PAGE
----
Has SAP Found Magic Formula (One) To Learn The Ropes Of Marketing?

Has SAP Found Magic Formula (One) To Learn The Ropes Of Marketing?
P.J. Jakovljevic - October 23, 2000

Event Summary

On September 22, SAP AG (NYSE: SAP), the leading provider of enterprise software solutions, unveiled a wide-ranging, global advertising and promotional awareness campaign designed to "build upon its success as the world's leading provider of e-business solutions". The brand-awareness campaign has gotten an impressive promotional start with SAP's title sponsorship of the inaugural running of Formula One racing at Indianapolis, one of the most famous racing venues in the world and the birthplace of motor sports. This is only part of the new global-awareness campaign. SAP will also be a corporate partner of the West McLaren Mercedes Formula One racing team through 2002, providing exposure for SAP at each of the 16 Formula One events around the world. In addition, the mySAP.com collaborative e-business solution platform will garner tremendous exposure by appearing as the primary sponsor through 2002 of the two McLaren-run cars in the F3000 racing series.

"The global appeal of Formula One is consistent with our efforts to expose millions of people to the SAP brand, continuing our ongoing efforts to build awareness for one of the world's leading technology brands, and to symbolize that SAP is racing to the pole position of e-business solutions," said Martin Homlish, executive vice president and chief marketing officer at SAP. "The combination of powerful, creative, focused messaging and broad media execution will create tremendous excitement for SAP and the mySAP.com solutions."

Launched also through an advertisement in the U.S. edition of The Wall Street Journal, the new global campaign explores the challenge of finding business success in the so-called "new economy" and documents how 13,000 leading companies use SAP e-business solutions to create value and increase competitiveness. The campaign includes print and television advertisements to be run in more than 25 countries. More than 40 leading business and information technology publications will be targeted for print advertising, and television placements are planned for each of the four major networks in the United States, as well as networks in 10 other countries. Wide-reaching airport and Web-based banner advertising also is included in the new program.

Market Impact

SAP continues to reinvent itself from a large, inert business applications software company into an Internet leader. Despite its huge customer base and mind share, created throughout the 1990s, SAP has had notable challenges over the past two years. The company has belatedly recognized that its US image problem is of not being flexible enough, and has resorted first to an internal restructuring and then to an external image renovation.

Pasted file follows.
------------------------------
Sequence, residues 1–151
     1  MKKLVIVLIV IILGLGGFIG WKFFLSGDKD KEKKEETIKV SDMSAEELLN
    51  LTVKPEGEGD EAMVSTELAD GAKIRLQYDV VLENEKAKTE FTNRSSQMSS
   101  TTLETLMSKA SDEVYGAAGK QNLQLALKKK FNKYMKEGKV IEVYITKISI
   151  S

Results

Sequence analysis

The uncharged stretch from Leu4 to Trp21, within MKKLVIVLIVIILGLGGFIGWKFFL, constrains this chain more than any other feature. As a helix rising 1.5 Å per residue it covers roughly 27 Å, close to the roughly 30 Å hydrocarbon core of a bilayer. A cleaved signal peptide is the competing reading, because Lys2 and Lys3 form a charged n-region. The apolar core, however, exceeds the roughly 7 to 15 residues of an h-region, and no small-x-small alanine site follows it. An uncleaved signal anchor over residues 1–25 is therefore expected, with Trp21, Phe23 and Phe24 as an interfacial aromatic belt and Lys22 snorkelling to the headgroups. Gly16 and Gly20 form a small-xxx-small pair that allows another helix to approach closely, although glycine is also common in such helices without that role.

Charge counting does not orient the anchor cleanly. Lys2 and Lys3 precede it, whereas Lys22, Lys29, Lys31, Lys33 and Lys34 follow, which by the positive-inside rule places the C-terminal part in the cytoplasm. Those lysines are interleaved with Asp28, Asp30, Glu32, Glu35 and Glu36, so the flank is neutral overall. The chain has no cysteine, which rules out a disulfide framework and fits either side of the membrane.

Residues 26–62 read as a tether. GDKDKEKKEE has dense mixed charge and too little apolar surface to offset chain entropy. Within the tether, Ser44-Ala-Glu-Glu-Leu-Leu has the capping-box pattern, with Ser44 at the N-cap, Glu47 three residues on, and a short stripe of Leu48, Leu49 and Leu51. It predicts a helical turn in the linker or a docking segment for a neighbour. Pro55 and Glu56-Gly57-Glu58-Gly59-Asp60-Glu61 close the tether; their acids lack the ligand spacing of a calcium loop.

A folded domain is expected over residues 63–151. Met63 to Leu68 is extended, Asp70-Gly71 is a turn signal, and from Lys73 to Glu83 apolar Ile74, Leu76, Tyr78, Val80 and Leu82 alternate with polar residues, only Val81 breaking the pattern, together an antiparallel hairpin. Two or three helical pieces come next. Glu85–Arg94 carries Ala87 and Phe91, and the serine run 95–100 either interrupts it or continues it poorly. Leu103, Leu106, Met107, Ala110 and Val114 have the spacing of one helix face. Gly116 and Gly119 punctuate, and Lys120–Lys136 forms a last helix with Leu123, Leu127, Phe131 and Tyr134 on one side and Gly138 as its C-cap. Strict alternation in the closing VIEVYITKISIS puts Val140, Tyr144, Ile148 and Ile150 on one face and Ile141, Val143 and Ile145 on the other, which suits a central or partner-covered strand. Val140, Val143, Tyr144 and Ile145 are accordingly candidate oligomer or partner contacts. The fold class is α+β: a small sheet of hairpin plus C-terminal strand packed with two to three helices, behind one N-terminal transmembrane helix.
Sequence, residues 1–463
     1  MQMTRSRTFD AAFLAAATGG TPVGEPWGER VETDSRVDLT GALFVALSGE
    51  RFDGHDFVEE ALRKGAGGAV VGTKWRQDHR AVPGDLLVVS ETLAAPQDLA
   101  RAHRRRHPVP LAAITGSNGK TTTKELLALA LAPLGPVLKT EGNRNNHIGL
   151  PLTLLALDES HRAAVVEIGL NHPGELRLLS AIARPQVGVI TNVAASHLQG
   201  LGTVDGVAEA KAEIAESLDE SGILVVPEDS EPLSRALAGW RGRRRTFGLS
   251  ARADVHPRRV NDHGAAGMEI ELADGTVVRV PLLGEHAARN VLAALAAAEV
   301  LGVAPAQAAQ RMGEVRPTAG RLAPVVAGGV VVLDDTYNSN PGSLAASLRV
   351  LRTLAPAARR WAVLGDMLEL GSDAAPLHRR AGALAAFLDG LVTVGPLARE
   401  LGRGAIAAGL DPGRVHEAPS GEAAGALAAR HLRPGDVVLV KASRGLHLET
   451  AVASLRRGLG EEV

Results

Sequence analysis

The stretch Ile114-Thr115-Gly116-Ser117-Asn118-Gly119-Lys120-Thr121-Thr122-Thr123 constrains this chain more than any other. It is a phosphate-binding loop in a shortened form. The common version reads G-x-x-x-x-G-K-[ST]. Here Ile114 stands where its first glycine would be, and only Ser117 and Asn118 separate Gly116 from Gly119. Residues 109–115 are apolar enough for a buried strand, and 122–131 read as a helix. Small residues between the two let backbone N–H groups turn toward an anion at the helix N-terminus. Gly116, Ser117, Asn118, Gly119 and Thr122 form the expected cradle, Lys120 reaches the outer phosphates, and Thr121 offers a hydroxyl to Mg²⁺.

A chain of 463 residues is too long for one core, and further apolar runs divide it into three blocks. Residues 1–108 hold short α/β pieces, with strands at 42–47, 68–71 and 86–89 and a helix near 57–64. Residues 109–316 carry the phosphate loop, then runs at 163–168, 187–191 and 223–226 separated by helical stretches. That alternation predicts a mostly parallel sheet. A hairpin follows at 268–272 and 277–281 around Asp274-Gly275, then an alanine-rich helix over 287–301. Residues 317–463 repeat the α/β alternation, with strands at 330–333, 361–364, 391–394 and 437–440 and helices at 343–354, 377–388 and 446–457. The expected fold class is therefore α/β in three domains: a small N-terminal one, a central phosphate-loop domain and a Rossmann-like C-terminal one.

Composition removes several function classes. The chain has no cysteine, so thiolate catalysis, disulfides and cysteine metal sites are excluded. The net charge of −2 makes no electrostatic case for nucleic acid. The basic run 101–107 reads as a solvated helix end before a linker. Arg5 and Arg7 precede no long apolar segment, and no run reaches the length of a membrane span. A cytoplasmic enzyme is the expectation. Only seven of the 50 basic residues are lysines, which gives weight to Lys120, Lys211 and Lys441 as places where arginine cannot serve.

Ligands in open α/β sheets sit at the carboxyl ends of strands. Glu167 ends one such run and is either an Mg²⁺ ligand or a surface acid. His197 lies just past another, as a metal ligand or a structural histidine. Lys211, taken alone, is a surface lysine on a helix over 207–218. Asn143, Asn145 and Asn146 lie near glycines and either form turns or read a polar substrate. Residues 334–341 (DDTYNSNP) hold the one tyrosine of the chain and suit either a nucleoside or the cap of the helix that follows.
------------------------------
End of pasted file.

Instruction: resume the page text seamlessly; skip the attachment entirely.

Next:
Launching a global TV marketing campaign is not new to SAP. The company launched its last effort - an over $100 million global advertising campaign earlier this year with 90-second TV commercials during the 2000 Academy Awards, one of the most widely watched programs of the year. However, it had only a limited success. For the last few years SAP has repeatedly lost marketing wars against Oracle. It complacently responded to Oracle's savvy marketing with its cumbersome technical marketing in a vernacular that consisted of SAP-idiosyncratic buzzwords and acronyms not understandable to a typical business executive.

While SAP has so far struggled in its attempt to develop and articulate its image and strategy for new e-commerce technologies, it has recently been making moves in the right direction to remain competitive in the "new economy". The company seems to be more committed to partnerships and working with other vendors that specialize in e-business and CRM software. Moreover, it has replaced its clumsy former message that emphasized its mind-boggling technological superiority with a simple message of satisfying customers' requirements and helping them achieve results in the new Internet economy. SAP has finally realized the need to explain what mySAP.com really is and what it can do for existing and potential users. Its new global marketing director and former Sony marketing executive, Martin Homlish, deserves the most of the credit for the long awaited and needed change in direction.

The campaign comes in the nick of time to fend off increasingly formidable competitors, most of them being established marketing savvy businesses. Since SAP's major revenue successes appears to be attributable to mySAP.com as opposed to its traditional breadwinner, R/3, SAP faces further challenges from Siebel, the IBM/Ariba/i2 alliance and Manugistics (as if the competition from Oracle and other ERP archrivals were not enough!).

User Recommendations

Only time will tell whether the prospective and existing users will understand the new SAP message - and how they will take it. More important will be how well the SAP sales and service force, particularly in the US, can demonstrate the touted benefits to the prospect or customer. One should expect a less arrogant and condescending approach than in the past.

Due diligence should always be paid to satisfying your unique requirements as derived from your unique e-business strategy. While selecting a strategic software partner is a challenging and risky undertaking, the positive news is there are more companies competing for your dollars. Nonetheless, one would be hard pressed to find a case where SAP should not be included on at least an initial long list of vendors in a global ERP selection. The depth and breadth of mySAP.com's offerings are attractive at first sight.

More comprehensive recommendations for both current and potential SAP users can be found in SAP - A Leader Under Reconstruction.

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